As India Tries Not to Upset US or Russia, DefExpo Participants Express Anger at Sudden Deferral

One foreign exhibitor said since these events operate on a tight global timetable, planned years in advance, no deviations or ‘postponements’ were possible.

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New Delhi: The Indian embassy in Cambodia – obviously unaware that DefExpo 2022 had been summarily postponed last week – exuberantly “invited” locals to the biennial land, naval and homeland security systems exhibition at Gandhinagar in Gujarat.

In a tweet at around 10 am, local time, on Wednesday, India’s mission in Phnom Penh called upon ‘interested participants from Cambodia’ to register themselves through the official website of Mazagon Dock Shipbuilders (MDL) in Mumbai in order to attend the four-day Expo – which had been called off on March 4.

However, an hour later the tweet was deleted, after netizens informed the embassy of the Expo’s deferral by the Ministry of Defence (MoD) six days before its March 10 inauguration by Prime Minister Narendra Modi, in a move that has globally dented India’s credibility as a reliable defence equipment customer and vendor.

A screenshot of the deleted tweet. Photo: By arrangement

Obviously, the Indian embassy in Cambodia had missed the MoD’s brusque announcement on the Press Information Bureau (PIB)’s website, stating that the DexExpo from March 10-14 stood postponed ‘due to logistic problems being experienced by participants’. New dates for the exhibition, the PIB added, would be communicated in ‘due course’, as participants privately fulminated over the MoD’s arbitrariness in adjourning the Expo at a juncture when India’s military desperately needed to diversify its predominantly Russian arsenal.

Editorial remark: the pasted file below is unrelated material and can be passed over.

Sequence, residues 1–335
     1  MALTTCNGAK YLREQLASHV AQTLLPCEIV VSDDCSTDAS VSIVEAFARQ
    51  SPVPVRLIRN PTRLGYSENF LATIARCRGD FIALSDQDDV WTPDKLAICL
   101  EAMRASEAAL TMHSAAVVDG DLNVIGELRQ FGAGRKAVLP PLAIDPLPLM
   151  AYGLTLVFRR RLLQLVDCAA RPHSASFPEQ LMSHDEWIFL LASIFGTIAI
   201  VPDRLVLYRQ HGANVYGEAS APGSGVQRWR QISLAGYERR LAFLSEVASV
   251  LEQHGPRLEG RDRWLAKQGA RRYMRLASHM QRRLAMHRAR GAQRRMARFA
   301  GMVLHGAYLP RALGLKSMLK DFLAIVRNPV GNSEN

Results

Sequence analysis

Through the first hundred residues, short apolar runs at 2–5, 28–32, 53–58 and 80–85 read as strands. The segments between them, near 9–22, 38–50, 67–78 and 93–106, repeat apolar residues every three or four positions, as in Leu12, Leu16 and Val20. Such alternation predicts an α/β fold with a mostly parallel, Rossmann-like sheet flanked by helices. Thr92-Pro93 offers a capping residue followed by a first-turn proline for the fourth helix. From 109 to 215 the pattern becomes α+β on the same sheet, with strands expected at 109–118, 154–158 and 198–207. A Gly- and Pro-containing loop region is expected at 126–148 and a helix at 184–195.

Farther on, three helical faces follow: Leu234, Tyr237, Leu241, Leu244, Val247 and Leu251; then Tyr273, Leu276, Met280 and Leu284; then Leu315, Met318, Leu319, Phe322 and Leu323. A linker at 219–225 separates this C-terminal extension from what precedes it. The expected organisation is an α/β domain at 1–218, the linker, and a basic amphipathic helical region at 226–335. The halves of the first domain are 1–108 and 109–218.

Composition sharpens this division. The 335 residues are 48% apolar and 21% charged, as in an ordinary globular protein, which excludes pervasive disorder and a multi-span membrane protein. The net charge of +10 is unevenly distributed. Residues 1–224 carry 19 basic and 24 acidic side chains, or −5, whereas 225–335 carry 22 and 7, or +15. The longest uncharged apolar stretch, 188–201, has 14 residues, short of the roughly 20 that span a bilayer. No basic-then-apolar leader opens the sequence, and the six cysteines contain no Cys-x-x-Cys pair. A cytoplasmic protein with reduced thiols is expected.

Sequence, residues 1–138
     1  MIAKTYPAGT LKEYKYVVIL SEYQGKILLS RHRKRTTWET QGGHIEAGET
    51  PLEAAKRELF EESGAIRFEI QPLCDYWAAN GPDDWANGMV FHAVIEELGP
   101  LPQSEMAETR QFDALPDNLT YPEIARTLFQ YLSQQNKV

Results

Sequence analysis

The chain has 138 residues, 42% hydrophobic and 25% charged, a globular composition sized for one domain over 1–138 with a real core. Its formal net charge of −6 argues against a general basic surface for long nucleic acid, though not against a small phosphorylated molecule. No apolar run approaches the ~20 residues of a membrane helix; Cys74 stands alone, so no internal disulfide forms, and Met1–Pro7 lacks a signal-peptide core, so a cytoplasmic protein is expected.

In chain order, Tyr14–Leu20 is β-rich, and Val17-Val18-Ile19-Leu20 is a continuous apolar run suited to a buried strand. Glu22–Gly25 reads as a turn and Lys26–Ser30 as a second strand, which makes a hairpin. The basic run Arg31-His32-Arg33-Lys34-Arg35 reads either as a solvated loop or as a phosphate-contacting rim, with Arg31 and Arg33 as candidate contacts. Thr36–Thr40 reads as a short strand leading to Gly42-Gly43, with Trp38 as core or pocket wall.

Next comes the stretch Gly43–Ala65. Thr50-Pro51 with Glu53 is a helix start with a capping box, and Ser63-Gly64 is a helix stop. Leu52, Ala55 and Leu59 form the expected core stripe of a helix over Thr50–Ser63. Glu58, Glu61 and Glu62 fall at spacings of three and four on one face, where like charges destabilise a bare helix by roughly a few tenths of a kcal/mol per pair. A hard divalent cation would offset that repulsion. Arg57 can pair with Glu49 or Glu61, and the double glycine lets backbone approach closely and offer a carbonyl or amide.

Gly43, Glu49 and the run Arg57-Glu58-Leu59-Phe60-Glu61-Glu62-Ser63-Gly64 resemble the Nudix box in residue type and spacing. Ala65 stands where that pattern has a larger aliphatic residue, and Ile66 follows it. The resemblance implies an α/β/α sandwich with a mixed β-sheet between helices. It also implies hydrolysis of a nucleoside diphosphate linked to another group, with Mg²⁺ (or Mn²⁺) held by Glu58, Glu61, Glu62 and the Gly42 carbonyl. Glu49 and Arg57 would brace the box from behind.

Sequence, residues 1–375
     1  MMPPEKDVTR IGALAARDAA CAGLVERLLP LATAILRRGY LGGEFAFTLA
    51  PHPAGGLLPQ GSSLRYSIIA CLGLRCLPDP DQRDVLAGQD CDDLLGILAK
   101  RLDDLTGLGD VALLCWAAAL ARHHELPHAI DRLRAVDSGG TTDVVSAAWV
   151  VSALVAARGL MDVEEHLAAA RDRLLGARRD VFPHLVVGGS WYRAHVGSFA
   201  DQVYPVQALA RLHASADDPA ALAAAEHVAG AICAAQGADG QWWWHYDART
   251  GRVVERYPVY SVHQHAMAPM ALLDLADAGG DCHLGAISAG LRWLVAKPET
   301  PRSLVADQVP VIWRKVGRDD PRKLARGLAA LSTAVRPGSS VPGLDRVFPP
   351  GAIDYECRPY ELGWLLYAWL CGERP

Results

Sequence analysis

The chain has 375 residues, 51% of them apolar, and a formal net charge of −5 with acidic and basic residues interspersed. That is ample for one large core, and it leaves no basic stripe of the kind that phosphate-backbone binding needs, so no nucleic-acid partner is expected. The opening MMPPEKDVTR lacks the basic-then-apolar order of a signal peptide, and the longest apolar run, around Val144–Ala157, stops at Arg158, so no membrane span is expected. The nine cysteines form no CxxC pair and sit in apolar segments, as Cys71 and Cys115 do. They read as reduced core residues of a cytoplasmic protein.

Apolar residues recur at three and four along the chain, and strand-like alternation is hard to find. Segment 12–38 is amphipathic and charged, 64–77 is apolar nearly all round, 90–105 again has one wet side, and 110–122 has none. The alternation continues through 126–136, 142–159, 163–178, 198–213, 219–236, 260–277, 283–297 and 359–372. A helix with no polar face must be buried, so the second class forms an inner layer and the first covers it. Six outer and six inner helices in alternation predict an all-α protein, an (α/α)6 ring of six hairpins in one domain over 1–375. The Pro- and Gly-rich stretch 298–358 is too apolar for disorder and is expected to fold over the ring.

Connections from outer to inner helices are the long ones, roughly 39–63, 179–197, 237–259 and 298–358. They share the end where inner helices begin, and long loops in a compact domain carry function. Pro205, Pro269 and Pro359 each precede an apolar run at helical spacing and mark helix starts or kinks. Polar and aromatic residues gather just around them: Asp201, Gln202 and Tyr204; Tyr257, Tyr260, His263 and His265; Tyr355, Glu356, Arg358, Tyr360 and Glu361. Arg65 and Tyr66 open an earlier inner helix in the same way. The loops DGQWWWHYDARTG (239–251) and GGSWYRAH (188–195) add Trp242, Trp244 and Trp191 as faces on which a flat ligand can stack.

No explanations were forthcoming for some 1,028 harried exhibitors, which included 121 materiel makers from 70 countries, alongside over 900 local companies, all of whom had not only had paid big money to participate in the Expo but also ferried elaborate displays, and in some cases even platforms, to the Mahatma Mandir Convention and Exhibition Centre (MMCEC) in Gandhinagar.

But the postponement was not the only body blow to exhibitors.

It was followed a day later by a coldblooded eviction notice to them all by the Defence Exhibition Organisation (DEO), responsible for managing the show. In essence, they were told to clear out their stalls within 24 hours. The brusque notification called on all exhibitors to take their ‘exhibits and belongings from all venues by March 6 forenoon positively’ given the uncertain ‘availability of security arrangements for limited periods at the venues’.

“This notice only added insult to injury,” said an overseas participant. He said requests for extending the deadline to remove massive display mock-ups and even heavier platforms, were straightaway declined by DEO personnel, who had even threatened to levy demurrage on participants if their order was infringed.

In at least one instance, these officials are believed to have told an exhibitor to locally hire a warehouse to store his display equipment prior to shipping it out. But their immediate message to this vendor was firm: he needed to get everything out of the MMCEC premises within the constricted timeframe.

Officials from DOE were unavailable for comment, while personnel from Delhi-based R E Rogers, tasked with providing logistics and freight-forwarding and transportation services to Expo exhibitors, declined to speak on the matter.